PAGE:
What Happens When I File for Chapter 7 Bankruptcy?
Once you have completed your credit counseling course and are confident you pass the Texas Means Test, the next step is to formally file for Chapter 7 in your judicial district. Upon receiving your filing, a bankruptcy judge will issue an automatic stay, a court order that halts all collection actions from proceeding against you. The automatic stay is a powerful benefit that stops foreclosures, repossessions, and creditor harassment.
Next, the contents of your estate will be placed in a trust controlled by the bankruptcy court. They will assign a trustee to manage the estate’s liquidation process. This can sound scary, but we will review how the state’s exemptions can safeguard your property below.
Once the liquidation process is completed, the bankruptcy judge will in most cases authorize you to discharge unsecured debts. This can include credit card debt, medical bills, and personal loans. Before the discharge can take place, you will need to complete an eligible debt management course, which we can help facilitate.
Will I Lose My Home and Other Property in Liquidation?
Liquidation is possibly the scariest conceptual element of bankruptcy. The thought of losing any of your property can be daunting, much less something as essential as your house, car, or any items of sentimental value.
The good news is you are always permitted to exempt assets in Chapter 7 bankruptcy. Texas also has some of the most generous state-level exemptions in the entire country. You will be permitted to make your exemptions from state or federal exemption schedules, but you cannot pick and choose from both. We can advise on which makes sense for you.
Texas’s bankruptcy exemptions include:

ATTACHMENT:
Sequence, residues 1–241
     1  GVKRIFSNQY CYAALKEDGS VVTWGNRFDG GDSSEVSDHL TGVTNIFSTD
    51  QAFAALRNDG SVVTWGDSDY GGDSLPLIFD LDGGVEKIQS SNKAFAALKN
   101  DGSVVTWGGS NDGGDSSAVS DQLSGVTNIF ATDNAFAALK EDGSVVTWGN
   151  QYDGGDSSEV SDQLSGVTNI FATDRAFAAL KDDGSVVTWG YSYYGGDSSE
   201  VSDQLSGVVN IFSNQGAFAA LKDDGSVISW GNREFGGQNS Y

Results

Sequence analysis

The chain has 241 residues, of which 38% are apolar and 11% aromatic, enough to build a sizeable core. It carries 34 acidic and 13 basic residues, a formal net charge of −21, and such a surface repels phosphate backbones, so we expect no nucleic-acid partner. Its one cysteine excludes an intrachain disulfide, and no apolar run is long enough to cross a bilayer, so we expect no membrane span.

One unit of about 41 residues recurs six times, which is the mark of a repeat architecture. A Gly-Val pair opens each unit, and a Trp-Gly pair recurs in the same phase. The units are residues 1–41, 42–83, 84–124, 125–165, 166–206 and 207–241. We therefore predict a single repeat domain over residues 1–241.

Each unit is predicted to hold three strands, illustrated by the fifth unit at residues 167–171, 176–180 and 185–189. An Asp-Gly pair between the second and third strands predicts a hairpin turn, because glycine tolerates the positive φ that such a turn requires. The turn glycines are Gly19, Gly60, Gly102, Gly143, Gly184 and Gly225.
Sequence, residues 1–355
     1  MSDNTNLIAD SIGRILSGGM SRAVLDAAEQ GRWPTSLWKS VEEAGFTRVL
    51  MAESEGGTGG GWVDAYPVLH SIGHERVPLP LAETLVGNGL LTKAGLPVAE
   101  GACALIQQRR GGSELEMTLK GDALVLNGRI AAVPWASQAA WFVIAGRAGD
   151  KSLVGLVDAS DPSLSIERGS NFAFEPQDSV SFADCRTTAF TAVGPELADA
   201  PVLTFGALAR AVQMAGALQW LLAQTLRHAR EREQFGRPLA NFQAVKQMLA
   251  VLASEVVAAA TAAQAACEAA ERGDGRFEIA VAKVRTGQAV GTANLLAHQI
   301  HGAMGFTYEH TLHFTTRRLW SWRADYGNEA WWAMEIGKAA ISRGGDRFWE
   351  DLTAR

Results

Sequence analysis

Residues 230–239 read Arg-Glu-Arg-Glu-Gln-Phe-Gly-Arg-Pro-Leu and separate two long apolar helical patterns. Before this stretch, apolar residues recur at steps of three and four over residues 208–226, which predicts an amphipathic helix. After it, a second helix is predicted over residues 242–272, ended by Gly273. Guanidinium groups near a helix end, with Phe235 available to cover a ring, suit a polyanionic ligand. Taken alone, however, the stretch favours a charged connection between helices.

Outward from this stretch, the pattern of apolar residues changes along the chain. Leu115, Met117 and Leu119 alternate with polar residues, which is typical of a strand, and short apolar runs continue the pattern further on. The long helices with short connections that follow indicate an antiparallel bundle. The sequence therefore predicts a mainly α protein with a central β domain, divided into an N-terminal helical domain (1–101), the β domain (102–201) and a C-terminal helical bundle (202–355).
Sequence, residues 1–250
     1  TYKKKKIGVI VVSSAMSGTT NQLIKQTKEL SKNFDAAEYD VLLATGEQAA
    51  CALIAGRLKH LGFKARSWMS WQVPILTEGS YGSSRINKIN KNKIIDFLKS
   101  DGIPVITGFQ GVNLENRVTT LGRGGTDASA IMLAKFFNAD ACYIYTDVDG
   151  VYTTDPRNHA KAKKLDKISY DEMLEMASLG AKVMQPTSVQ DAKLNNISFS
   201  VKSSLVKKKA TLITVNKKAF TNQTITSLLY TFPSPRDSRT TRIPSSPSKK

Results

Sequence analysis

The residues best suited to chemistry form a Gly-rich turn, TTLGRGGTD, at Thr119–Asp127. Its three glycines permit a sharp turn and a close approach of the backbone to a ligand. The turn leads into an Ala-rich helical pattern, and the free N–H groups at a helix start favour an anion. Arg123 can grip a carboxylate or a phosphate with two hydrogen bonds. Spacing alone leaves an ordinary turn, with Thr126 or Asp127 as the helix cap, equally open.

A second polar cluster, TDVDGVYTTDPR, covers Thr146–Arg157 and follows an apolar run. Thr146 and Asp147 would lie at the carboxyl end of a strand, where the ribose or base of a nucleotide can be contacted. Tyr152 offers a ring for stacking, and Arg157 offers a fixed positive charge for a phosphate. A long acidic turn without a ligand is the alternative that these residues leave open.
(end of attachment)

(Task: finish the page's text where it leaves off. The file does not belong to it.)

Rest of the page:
- The Homestead Exemption. Texas is a rare state that permits an unlimited exemption for your home, meaning you should not in most circumstances need to give up your house during liquidation. In order to qualify for the exemption, you will need to have lived in the state for at least 2 years. The property must be less than 10 acres in total size within a city or less than 100 acres if outside a city’s limits. If you have a family, properties outside city limits can generally be up to 200 acres and still qualify.
- Vehicle Exemption. You are able to exempt the full value of one vehicle per licensed household member. That means if you are a family of 3 and your child is at least 16 with a driver’s license, for example, you can fully exempt up to 3 vehicles.
- Personal Wage Exemption. If you are an W2 employee who has earned wages that have yet to be paid out, that income is exempt from bankruptcy-related seizure.
- Insurance Policies. Life insurance policies offer an unlimited exemption if the named beneficiary is a dependent or family member.
- Retirement Savings Accounts. Funds placed in employer-originated retirement accounts are generally protected from bankruptcy liquidation. These include 401(ks) and many IRA accounts.
- Medical Tools and Funds. Any equipment or medication that is prescribed by a doctor to treat a medical condition is exempt from bankruptcy proceedings. Additionally, funds stemming from benefits meant to treat these conditions are also exempt, meaning elements like social security disability income are typically safe.
- Personal Property Exemption. This is a wide category set at $50,000 for individuals. It can include furniture, appliances, clothing, and tools. Jewelry is also included but can only account for $12,500, or 25%, of the total exemption value.
These generous exemptions equip many Texans to protect a great majority or even the entirety of their personal property. With the right strategy, you will not have to give up your home or vehicle during liquidation.
If you are married and have a family, your exemption thresholds can be set even higher. Property that is jointly owned with a spouse generally doubles the exemption limit. If you have a family, for example, you can exempt up to $100,000 in personal property.
We Can Help You Maximize the Benefits of Chapter 7
A smart Chapter 7 bankruptcy filing can equip you with the tools to discharge overwhelming debt while protecting most or even all of your most cherished assets from liquidation. Our Dallas bankruptcy lawyers can work with you to identify how to exempt as much of your property as possible, minimizing the impact of liquidation while giving you all of the benefits of the bankruptcy process. Our goal is to help you chart a new financial future free of crushing debt.
At The Law Office of Truman E. Coe, P.C., we emphasize results through individualized attention to our clients’ cases. Our team will work with you one-on-one through each step of the Chapter 7 process to make sure you are getting the most out of your filing.